Kate

Under The Clock Towers – Flash Fiction

clock tower

Circus Lane, Edinburgh, United Kingdom by Omar Yassen

Shafer nursed his pint of Guinness at the worn bar under the Clock Towers that sheltered the old tavern. The pub had been there so long the wood bar was dark and greasy from years of dirty palms and spilled drinks. Dents and gouges marked the wood giving it character and a sense of presence to the smoky interior. Old men of a certain age sat huddled in groups, round tables or in the hard wooden booths. There was an air of silent comradery to the mumbled conversations that filled the pub with a hum that had neither a beginning nor an end. It was as it had always been, ever since Shafer was old enough for his first pint.

That was long ago; though not so long that he was ready to join in with one of the groups of men. That and he was still a loner. Always had been. Maybe it was his occupation that kept him from joining in. He knew too much about everyone there. He knew who had been unfaithful to which wife, or who owed so much on their bill at the pub. He dealt in information, using it like currency. Though he never used it for favors. He was, at best an honest dealer.

People came to him for information, he gave it to them, and they paid, leaving happy with the news, or at least, satisfied, albeit disturbed at times. But he couldn’t help how people took his information. He never promised to sugar-coat it. He was blunt and to the point. If people didn’t want to know the answer, they shouldn’t ask the question.
Despite what he knew, people still treated him with a modicum of respect. He supposed it was because they were afraid he might report any illegal activity to the authorities, which he could have done numerous times. But he had a reputation of discretion and he liked to keep it that way. It was bad for business if you were a snitch.

The door to the pub swung open and an icy blast of January cold blew in through the door, biting at the heels of the charming woman who stepped in hesitant and unsure. She quickly shut the door behind her as some of the patrons emitted growls of displeasure at the cold surrounding their old bones

Shafer watched her as her eyes adjusted to the gloom. She was as lovely now as when she had come to him two weeks ago. Dressed in a long, forest green wool jacket, buttoned up to the neck with brass buttons, she looked very prim and proper. And so out of place in the pub that Shafer decided to be nice and rescue her from her fortress of uneasiness. He tapped his glass creating a slight ring and her eyes flew towards the sound. He saw a smattering of relief in her eyes as she recognized him and made her way around the tables to the bar.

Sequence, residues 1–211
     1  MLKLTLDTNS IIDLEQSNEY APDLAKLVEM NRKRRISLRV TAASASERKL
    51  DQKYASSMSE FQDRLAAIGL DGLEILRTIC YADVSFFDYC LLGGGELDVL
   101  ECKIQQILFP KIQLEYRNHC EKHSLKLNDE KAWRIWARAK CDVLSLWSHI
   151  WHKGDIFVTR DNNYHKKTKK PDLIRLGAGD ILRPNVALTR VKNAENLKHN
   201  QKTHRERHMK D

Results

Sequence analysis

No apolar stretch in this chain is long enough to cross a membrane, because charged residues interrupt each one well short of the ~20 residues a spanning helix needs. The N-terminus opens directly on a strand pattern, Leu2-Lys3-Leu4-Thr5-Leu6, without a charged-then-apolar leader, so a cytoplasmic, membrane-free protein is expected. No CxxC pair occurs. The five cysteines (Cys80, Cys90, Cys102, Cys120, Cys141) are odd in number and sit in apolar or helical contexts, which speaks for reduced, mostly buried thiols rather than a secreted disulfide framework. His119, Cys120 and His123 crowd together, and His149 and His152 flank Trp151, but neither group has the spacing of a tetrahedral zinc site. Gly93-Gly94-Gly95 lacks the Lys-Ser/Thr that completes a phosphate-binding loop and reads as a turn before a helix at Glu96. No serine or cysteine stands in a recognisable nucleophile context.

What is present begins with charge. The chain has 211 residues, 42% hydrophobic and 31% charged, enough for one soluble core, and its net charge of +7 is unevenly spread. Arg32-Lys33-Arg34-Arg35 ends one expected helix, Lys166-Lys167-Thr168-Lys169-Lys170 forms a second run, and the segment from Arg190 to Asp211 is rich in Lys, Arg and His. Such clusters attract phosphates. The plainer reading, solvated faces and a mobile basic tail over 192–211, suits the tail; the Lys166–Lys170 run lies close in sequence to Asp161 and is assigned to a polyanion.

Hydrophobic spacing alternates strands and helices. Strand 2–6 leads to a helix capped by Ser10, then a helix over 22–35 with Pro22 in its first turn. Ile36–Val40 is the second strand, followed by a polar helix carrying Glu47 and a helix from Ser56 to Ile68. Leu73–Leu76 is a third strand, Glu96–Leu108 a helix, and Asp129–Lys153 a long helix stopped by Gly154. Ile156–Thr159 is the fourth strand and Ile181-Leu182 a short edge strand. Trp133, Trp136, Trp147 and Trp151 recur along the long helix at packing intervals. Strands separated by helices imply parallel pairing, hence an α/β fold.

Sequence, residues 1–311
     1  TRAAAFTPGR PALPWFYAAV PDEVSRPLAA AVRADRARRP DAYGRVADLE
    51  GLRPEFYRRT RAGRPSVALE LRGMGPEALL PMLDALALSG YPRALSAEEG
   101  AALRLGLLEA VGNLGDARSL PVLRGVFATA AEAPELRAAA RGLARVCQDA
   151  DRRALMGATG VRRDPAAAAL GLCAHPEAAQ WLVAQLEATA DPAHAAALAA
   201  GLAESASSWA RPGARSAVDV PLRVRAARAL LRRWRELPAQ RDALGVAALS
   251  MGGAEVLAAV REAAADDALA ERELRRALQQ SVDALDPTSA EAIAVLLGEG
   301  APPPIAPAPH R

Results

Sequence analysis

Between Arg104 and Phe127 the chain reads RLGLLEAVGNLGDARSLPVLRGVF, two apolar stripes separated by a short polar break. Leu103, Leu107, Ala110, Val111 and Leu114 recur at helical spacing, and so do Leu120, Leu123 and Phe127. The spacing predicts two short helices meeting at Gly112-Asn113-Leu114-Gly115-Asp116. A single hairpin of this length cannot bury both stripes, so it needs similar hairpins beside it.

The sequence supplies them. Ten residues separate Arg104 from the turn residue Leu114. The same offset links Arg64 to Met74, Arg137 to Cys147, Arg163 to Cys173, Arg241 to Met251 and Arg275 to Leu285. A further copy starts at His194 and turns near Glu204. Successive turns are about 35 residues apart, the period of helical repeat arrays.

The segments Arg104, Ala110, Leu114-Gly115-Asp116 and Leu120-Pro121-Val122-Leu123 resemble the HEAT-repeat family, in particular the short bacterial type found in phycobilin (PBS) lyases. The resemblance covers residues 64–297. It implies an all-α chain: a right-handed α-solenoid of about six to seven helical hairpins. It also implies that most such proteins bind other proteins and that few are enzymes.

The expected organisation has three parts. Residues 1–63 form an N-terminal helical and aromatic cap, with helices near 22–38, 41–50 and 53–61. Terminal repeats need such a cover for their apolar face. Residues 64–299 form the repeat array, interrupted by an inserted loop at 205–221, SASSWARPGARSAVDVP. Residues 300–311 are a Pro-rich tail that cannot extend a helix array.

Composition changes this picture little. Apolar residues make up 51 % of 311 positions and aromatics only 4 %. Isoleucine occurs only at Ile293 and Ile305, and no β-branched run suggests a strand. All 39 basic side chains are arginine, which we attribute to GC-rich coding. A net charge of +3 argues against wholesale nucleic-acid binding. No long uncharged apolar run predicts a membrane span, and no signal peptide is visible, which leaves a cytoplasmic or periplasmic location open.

Normally he would have met her in his office, but the walls there had ears, especially with the information he had found out. Here, at least, no one cared that much about secrets. Beer had a tendency to loosen the tongue and nothing was ever taken seriously.

“Mr. Shafer,” the woman greeted, her eyes darting around the room.

“Mrs. Ballington.”

“You said you had some information for me?” She questioned as if unsure of the message he had sent her telling her so and where to meet him.

“I do. Would you like a drink?”

“No. No, thank you.” She nervously moistened her lips

Shafer sighed. He hated to do this with such a decent lady.

“Could you just tell me?” she nearly whispered.

“Yes. Your husband is having an affair. In fact, he’s having three.” He sighed again as he saw the way the words hit her and she started to crumble.

 

Wow. So I don’t normally finish a piece of fiction thinking, “wow,”, but this time I certainly did as I read this on Saturday at my writing group. D and I sat there and I just knew it was a good piece.I want to finish it, but I’m not sure how, or where I’d go with it. But with the word prompts of clock towers, forest green, and Guinness, I went from being totally uninspired an hour prior, to being super excited at the end. I’m loving this flash fiction moments that hit. They are really inspiring.

I sort of saw this as a piece that could take place at any time, though with the coat the woman wears, I think steampunk. A long green jacket that goes almost to the floor, with those brass buttons that I picture as being shiny. And I see the woman as an auburn haired lady with her hair up almost Gibson girl style.

I do hope you enjoy and I’ll see if I can make this go further.

Kate